Research at The Prince's School of Traditional Arts offers the opportunity to look at the traditional arts and the world’s sacred and traditional art forms in relation to the important questions of what art means in the contemporary world and how an artist can work within their community today. Many of the world’s sacred traditions and the traditional art forms that were associated with them have already disappeared.
The Prince’s School of Traditional Arts is known for its arts practice as research in the traditional arts. It welcomes applications from those working, or wishing to work, in the regeneration of traditional arts, crafts and design as living practice.
A distinctive feature of the School is that staff and students on all of its programmes, including project-led outreach courses, taught postgraduate programmes and postgraduate research supervision, are engaged in arts practice as research into technical, compositional, contextual and interpretative questions and issues. Doctoral students at the School benefit from membership of a broad community in the traditional arts based on the mutual sharing of skills, methods and knowledge and on commitment to ensuring the continuity of the arts that do exist and reclaiming those that have virtually disappeared.
Researchers at the School pursue compositional and contextual questions arising from historical arts practice; issues pertaining to the relevance and adaptation of the traditional arts to twenty-first century contexts; and questions about the nature and methodology of arts practice as research. The School’s doctoral researchers typically demonstrate their commitment to traditional arts, crafts and design through their own personal and/or professional practice; their ability to reflect on and document their investigation of compositional, contextual and theoretical questions; and their capacity to evidence their research through persuasive, accessible and creative presentations, both written and visual.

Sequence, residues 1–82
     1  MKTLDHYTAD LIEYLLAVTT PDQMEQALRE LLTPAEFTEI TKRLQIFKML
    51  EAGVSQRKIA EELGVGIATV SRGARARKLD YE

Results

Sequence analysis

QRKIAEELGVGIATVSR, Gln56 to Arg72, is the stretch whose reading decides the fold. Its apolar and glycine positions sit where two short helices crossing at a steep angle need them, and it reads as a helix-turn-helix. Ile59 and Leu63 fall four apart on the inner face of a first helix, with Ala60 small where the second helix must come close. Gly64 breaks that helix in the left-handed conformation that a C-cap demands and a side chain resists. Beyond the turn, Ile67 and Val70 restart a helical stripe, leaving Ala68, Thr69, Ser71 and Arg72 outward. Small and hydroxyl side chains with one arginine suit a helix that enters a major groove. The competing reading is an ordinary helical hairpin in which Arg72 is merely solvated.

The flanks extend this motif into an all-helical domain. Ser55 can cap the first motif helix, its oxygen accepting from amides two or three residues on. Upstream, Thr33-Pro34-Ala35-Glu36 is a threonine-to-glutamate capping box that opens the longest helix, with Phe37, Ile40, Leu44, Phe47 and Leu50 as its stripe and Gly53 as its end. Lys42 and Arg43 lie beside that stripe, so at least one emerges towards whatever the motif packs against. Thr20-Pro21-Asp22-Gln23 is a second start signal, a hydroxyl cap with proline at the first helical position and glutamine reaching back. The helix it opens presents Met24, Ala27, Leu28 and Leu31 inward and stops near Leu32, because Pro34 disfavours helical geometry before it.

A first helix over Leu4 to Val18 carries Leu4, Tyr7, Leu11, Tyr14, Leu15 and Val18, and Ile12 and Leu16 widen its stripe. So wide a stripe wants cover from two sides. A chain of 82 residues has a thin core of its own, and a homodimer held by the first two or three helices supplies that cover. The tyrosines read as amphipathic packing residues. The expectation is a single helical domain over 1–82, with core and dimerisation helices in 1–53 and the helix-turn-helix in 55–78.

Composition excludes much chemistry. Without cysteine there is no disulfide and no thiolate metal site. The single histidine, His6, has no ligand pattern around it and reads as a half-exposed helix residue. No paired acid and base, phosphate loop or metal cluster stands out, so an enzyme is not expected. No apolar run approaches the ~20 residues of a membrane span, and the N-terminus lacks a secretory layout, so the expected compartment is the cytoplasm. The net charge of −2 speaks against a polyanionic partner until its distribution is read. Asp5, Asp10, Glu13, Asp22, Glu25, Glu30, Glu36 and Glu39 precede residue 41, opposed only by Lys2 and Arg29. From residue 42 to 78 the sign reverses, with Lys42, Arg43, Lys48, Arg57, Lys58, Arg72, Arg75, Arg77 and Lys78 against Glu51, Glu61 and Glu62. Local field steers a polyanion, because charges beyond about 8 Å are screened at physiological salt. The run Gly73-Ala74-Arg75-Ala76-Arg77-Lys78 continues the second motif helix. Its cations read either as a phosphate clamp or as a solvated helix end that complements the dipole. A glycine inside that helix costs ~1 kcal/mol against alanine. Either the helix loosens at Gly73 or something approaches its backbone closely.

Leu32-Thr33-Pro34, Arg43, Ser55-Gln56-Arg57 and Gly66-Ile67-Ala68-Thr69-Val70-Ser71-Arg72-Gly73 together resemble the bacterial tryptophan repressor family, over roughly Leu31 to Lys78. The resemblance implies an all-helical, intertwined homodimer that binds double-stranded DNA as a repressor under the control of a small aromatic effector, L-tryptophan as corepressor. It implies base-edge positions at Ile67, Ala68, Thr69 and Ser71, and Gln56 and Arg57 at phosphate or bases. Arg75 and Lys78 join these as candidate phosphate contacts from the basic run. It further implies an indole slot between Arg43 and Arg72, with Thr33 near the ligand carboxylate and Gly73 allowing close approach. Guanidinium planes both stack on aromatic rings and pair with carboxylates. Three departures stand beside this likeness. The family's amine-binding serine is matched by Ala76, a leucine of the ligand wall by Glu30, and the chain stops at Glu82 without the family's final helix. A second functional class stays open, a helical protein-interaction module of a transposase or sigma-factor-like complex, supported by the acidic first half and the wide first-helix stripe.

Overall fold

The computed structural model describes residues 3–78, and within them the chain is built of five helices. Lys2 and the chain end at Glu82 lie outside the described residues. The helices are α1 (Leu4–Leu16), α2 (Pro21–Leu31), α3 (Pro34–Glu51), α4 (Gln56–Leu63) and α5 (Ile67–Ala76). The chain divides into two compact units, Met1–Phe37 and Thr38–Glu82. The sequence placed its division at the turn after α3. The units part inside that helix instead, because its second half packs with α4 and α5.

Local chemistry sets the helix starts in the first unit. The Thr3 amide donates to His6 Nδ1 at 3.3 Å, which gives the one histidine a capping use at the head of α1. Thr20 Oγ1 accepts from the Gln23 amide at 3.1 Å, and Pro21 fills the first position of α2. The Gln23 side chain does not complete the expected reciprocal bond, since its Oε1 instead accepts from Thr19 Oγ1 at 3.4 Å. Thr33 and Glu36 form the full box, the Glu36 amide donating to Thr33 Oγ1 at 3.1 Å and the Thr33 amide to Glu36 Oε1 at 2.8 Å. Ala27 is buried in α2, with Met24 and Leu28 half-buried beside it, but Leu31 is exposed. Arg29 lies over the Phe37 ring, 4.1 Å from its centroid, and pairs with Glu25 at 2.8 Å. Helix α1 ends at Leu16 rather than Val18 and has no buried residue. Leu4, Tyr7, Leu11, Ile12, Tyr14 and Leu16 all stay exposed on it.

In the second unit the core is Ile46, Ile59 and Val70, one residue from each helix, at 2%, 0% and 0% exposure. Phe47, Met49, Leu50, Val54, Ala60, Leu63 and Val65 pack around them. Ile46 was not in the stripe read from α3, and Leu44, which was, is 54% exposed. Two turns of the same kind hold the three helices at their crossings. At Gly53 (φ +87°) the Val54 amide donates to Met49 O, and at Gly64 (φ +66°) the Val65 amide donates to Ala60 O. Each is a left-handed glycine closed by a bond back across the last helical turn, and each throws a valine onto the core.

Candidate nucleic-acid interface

Recently completed and current research includes aspects of Islamic art and architecture, Christian iconography, traditional arts practice and transmission of knowledge, Eastern and Far Eastern traditional art, and the tensions between traditional and contemporary arts in the work of contemporary artists and society. In accordance with the School’s focus on regenerating the traditional arts as living practice, many of its staff and students are rediscovering the traditional creation and use of artistic materials, such as pigments, paints, inks and dyes, from natural resources. The School is also interested in furthering traditional arts practice as research in relation to relatively neglected areas such as wellbeing, sacred space and spirituality, and sustainability. Research into topics such as those mentioned above is intended to inspire artists in their creative work, and to contribute to the broad understanding of traditional art and craft practices whilst ensuring their transmission and continuity to future generations.